ESCO Technologies Inc. and its wholly owned subsidiaries (the Company) are organized into three reportable operating segments: Filtration/Fluid Flow (Filtration), RF Shielding and Test (Test), and Utility Solutions Group (USG). The Company’s business segments are comprised of the following primary operating entities:

 

  · Filtration: PTI Technologies Inc. (PTI), VACCO Industries (VACCO), Crissair, Inc. (Crissair) and Thermoform Engineered Quality LLC (TEQ).

 

  · Test: ETS-Lindgren Inc. (ETS-Lindgren).

 

  · USG: Doble Engineering Company (Doble).

 

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Filtration. The companies within this segment primarily design and manufacture specialty filtration products including hydraulic filter elements and fluid control devices used in commercial aerospace applications, unique filter mechanisms used in micro-propulsion devices for satellites and custom designed filters for manned aircraft and submarines.

 

Test. ETS-Lindgren is an industry leader in providing its customers with the ability to identify, measure and contain magnetic, electromagnetic and acoustic energy.

 

USG. Doble provides high-end, intelligent diagnostic test solutions for the electric power delivery industry and is a leading supplier of power factor and partial discharge testing instruments used to assess the integrity of high-voltage power delivery equipment.

 

The Company continues to operate with meaningful growth prospects in its primary served markets and with considerable financial flexibility. The Company continues to focus on new products that incorporate proprietary design and process technologies. Management is committed to delivering shareholder value through internal growth, ongoing performance improvement initiatives, and acquisitions.

 

Highlights of 2015 Continuing Operations

 

  · Sales, net earnings from continuing operations and diluted earnings per share from continuing operations were $537.3 million, $41.7 million and $1.59 per share, respectively, compared to sales, net earnings and diluted earnings per share of $531.1 million, $42.6 million and $1.60 per share in 2014.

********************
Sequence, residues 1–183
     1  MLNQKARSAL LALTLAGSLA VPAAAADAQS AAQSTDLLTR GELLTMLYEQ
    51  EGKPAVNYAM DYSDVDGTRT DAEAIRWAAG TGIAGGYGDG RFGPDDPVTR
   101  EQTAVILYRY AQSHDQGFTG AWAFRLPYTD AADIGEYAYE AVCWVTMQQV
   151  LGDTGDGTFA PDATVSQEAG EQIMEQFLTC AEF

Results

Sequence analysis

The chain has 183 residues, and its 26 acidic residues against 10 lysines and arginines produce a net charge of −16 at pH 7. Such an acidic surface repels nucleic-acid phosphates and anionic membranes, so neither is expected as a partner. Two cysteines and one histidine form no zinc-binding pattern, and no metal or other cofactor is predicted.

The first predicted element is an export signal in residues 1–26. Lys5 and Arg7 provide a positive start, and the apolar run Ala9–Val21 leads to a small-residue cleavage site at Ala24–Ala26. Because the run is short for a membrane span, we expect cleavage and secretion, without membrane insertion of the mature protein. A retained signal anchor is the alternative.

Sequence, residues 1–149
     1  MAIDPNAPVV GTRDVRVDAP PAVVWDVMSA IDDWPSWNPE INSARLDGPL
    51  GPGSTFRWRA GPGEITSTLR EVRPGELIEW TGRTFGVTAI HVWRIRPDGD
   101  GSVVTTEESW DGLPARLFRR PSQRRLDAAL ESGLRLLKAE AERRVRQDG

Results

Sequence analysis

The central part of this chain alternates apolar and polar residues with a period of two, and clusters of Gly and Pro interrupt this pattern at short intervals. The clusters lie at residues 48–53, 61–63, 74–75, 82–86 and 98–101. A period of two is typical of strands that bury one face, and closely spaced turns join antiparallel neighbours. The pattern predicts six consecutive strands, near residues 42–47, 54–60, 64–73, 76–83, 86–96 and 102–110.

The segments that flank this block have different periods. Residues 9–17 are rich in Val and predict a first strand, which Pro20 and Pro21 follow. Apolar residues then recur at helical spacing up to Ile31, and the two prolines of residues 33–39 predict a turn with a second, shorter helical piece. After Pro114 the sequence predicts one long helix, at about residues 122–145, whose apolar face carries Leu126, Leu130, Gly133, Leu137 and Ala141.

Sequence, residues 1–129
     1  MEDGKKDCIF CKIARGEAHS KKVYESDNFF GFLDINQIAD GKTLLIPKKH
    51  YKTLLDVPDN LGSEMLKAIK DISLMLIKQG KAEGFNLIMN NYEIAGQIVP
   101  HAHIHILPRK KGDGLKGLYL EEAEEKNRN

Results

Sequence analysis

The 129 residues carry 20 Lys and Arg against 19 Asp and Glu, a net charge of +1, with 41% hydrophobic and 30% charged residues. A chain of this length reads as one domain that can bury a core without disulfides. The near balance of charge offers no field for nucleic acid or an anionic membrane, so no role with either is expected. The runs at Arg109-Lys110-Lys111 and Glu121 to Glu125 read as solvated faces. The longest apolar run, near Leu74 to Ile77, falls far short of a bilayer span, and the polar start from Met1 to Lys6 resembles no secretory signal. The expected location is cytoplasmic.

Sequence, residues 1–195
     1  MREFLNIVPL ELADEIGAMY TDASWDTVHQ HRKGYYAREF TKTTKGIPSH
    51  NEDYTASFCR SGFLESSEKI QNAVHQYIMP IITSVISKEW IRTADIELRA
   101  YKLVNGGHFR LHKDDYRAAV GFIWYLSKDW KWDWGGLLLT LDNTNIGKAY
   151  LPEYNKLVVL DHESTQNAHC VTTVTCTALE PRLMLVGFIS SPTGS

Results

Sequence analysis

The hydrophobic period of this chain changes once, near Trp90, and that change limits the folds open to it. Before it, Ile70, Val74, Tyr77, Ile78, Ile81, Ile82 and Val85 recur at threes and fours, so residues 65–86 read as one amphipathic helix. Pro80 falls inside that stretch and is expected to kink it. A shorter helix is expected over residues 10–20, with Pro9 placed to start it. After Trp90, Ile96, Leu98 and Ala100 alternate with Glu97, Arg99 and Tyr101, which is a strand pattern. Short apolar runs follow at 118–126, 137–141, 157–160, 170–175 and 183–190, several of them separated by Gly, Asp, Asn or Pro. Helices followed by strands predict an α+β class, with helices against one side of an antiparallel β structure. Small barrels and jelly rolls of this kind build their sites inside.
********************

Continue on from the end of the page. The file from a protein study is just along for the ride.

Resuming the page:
· Net cash provided by operating activities from continuing operations was approximately $65.0 million in 2015, compared to $44.9 million in 2014.

 

  · At September 30, 2015, cash on hand was $39.4 million and outstanding debt was $50.0 million, for a net debt position (total debt less net cash) of approximately $10.6 million.

 

  · 2015 entered orders were $561.9 million resulting in a book-to-bill ratio of 1.05x. Backlog at September 30, 2015 was $327.5 million compared to $302.9 million at September 30, 2014.

 

  · In January 2015, the Company acquired the assets of Enoserv for $20.5 million in cash. Enoserv provides customers with high quality, user-friendly multi-platform software primarily for the utility industry. The operating results for Enoserv, since the date of acquisition, are included as part of Doble.

 

  · During 2015, the Company repurchased approximately 517,000 shares of its common stock for $18.2 million.

 

  · The Company declared dividends of $0.32 per share, totaling $8.4 million in payments during 2015.

 

Results of Continuing Operations

 

Net Sales

 

               Change   Change 
   Fiscal year ended   2015   2014 
(Dollars in millions)  2015   2014   2013   vs. 2014   vs. 2013 
Filtration  $236.1    233.7    214.1    1.0%   9.2%
Test   177.6    181.8    166.7    (2.3)%   9.1%
USG   123.6    115.6    109.3    6.9%   5.8%
Total  $537.3    531.1    490.1    1.2%   8.4%